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Operating in a Pandemic


My office view and sounds are unique today. This is the third or fourth week I've been in this space since Covid19 ushered everyone to work remotely. On many levels, our distribution operations are running "normally". The "normal" includes all pre-boxed food, lots of masks and gloves in the mix and keeping in mind that most of our community-based, group intensive programs like Garden in a Box and Cooking for Spice Drive have been paused... The work is getting done, and the food is definitely still moving. However, on several levels, this still feels surreal.


I am sitting in a newly painted office at a folding table, admiring the new blue hue painted by friends of the Food Center. The white-board calendar listing our distributions and deliveries is propped up on a chair, and a projector is in place of the coat rack that used to be there. This is very clearly a space that's in transition. Very clearly, we are all operating under the swells and heaves of transition amid this pandemic. Yet there are signs of this work also feeling...normal. Even though the calendar is perched on a chair, not yet hung, it's filled out until October. Even though I check the voicemail from my cellphone, I still receive and follow through with messages. Even though I'm usually here alone, we still Covid19-style-greet the occasional neighbor seeking food assistance when they happen to stop by.


When I began writing this last week, it was the first morning we had our new FarmShare for Homebound Seniors assistant Monica in, and our long-time volunteer Roxy.


Roxy was situated in Erin's unfurnished office with another folding table. Monica sat at the farthest end of the room. We quickly realized that calling our seniors, some of whom are hard of hearing, wouldn't work while wearing masks. A realization that is so very novel, like much of what is being adjusted and learned about during this pandemic.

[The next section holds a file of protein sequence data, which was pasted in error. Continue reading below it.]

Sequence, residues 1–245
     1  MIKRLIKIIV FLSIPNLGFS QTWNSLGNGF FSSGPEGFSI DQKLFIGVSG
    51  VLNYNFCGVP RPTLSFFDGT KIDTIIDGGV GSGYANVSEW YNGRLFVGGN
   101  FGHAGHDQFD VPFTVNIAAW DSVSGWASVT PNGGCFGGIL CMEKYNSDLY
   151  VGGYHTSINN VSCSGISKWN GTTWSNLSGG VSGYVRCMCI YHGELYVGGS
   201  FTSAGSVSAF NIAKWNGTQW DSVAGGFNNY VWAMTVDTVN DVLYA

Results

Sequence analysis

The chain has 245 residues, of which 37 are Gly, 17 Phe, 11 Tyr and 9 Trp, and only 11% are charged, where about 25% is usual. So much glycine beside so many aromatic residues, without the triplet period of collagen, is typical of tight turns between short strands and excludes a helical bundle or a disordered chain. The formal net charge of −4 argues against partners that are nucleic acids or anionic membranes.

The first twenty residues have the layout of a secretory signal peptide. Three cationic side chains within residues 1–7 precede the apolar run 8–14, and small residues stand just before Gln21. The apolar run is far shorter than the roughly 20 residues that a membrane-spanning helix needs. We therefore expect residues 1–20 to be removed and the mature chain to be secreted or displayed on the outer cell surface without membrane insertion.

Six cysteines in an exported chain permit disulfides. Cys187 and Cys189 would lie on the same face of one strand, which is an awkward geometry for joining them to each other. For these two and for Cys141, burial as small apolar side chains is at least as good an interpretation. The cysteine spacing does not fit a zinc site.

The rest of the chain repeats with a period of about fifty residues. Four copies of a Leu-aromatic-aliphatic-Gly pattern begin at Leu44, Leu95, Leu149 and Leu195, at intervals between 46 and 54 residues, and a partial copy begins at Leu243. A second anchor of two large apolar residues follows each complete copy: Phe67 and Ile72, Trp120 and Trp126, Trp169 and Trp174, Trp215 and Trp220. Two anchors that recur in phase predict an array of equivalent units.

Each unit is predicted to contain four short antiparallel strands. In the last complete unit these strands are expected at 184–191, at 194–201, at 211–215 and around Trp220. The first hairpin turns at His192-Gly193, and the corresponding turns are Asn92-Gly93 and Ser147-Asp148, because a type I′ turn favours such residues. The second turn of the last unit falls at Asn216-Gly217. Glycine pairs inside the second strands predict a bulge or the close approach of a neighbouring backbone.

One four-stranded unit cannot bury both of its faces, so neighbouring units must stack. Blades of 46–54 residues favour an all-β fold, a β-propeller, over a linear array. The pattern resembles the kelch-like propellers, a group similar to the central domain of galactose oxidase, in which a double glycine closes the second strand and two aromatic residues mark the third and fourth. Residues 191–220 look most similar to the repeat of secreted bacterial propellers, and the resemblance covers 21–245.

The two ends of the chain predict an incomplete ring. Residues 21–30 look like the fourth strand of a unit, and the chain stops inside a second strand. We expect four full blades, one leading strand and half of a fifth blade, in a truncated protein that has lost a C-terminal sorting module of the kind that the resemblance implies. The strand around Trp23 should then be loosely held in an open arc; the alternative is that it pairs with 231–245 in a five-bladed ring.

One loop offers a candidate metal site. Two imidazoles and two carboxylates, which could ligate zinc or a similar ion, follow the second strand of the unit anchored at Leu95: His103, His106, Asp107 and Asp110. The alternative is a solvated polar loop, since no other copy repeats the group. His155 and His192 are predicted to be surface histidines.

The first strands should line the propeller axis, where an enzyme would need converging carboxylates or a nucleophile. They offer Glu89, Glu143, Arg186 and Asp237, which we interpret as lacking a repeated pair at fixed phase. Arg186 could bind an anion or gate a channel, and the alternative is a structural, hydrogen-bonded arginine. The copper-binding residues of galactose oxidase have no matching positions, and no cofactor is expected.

It became very clear that masks wouldn't work when one senior repeatedly asked me if I was selling seat covers while I tried to communicate the prices of cucumbers! So, we adjusted. Roxy and Monica moved into separate rooms. I kept my mask on and continued my work.


From where I was situated, I could hear Roxy's infectious laugh as she re-connected with seniors she hadn't spoken to since last season. Monica deftly updated our brand new (and a little beta) Database so the farm produce inventory would be accurate.


"Some of the ladies remembered me! " I could hear Roxy exclaim.


Some things haven't change, even as each of us tries to understand how to do what is needed. Human connection, though formed now more than ever over the phone or computer, still exists.


We'll be sharing more about our new database, developed by Steve, in the coming weeks. It's truly a wonderful tool, even with the tweaks and bumps to smooth out. It serves as a micro-reminder of the macro-theme I've noticed during this pandemic; how to change and adjust accordingly to new information, new situations and very, very unexpected obstacles. Challenges for sure. But I think that resilience is the force that stems from the friction of challenge. I have to believe community builds together when we can support one another navigating new and unexpected difficulties.


When I next write a reflective #FoodCenterFriday I hope to share even more progress on the other side of what can feel challenging.


Until next time,

Merrilee



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Our Mission is to improve food security in the Piscataquis Region by connecting people with sources of healthy food.

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76 North St. / PO Box 264

Dover-Foxcroft, ME 04426-1041

P: (207)343-0171 or (207)802-8230

E: info@prfoodcenter.org